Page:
We have heard/read several theories and versions of judgment – from “light judgment” that is tempered by mercy to heavy judgment that is unavoidable and comes with great consequences. It may be hard to know what type of judgment we should anticipate and prepare for. The solution, beloved, is easy. Live your life according to God’s agenda and direction, not any other. Then the judgment that comes will be merely a portal to what is beyond. Selah!

FEAR OF GOD . . . When God’s Eyes & Ears are upon you

“Those who desire life and desire to see good days, let them keep their tongues from evil and their lips from speaking deceit; let them turn away from evil and do good; let them seek peace and pursue it. For the eyes of the Lord are on the righteous, and his ears are open to their prayer. But the face of the Lord is against those who do evil.” (Reference: 1 Peter 3:10-12 )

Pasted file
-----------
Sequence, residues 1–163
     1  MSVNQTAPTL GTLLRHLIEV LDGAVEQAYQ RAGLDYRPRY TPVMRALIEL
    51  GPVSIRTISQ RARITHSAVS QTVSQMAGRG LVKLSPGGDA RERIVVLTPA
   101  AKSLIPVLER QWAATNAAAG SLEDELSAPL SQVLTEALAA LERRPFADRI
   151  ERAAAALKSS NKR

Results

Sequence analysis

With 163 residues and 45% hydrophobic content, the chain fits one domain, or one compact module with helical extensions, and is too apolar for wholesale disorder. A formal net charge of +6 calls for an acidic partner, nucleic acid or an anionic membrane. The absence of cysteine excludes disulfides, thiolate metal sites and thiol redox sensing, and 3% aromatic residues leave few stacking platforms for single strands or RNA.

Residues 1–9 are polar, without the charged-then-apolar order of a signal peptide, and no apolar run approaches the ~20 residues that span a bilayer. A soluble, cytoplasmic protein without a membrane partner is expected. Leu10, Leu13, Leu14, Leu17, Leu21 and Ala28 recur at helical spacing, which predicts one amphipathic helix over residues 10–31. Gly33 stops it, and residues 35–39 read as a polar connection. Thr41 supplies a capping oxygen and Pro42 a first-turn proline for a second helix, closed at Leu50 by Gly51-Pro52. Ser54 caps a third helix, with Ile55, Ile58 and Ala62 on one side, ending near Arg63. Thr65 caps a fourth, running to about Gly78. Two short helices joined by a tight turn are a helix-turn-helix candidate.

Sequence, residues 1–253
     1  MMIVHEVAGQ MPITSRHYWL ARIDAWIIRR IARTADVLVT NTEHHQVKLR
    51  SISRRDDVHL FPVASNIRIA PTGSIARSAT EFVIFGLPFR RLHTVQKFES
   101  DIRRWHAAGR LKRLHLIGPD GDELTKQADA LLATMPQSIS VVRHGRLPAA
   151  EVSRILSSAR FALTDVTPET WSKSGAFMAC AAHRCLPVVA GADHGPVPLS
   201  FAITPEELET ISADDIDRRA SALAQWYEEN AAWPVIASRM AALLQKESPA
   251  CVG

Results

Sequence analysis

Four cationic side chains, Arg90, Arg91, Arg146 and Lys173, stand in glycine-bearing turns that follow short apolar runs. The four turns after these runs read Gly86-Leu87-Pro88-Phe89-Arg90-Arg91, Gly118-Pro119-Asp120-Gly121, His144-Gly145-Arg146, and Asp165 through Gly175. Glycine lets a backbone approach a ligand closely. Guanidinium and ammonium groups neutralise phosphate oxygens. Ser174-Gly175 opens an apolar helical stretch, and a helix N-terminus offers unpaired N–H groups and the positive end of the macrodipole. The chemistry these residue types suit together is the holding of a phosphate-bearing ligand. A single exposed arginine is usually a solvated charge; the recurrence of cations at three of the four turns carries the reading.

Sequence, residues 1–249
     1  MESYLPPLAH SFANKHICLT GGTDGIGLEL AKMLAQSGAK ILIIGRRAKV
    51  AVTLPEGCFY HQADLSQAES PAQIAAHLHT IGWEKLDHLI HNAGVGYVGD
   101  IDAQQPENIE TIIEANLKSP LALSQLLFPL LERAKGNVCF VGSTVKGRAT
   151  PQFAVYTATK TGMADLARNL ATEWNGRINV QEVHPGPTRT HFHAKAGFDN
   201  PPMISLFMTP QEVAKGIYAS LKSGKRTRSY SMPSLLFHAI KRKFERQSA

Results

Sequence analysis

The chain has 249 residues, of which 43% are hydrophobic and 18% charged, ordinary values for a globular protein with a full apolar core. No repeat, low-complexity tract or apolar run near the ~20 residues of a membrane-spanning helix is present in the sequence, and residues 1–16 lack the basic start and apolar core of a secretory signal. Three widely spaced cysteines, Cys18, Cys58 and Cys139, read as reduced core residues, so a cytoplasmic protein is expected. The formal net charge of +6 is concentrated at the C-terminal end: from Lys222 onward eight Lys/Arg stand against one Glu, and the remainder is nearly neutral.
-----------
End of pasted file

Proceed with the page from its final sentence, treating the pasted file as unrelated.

The historic Anabaptists examined their lives closely and sought to more closely emulate God. One reason that the Anabaptist movement started was that the bible became more readily available to the common person. Those who first started the movement read scripture and found out directly what God wanted instead of it being channeled to them through church leadership whose agenda and motivations were not always to extol their congregation but to control them. But the more they read for themselves, the less controllable they were.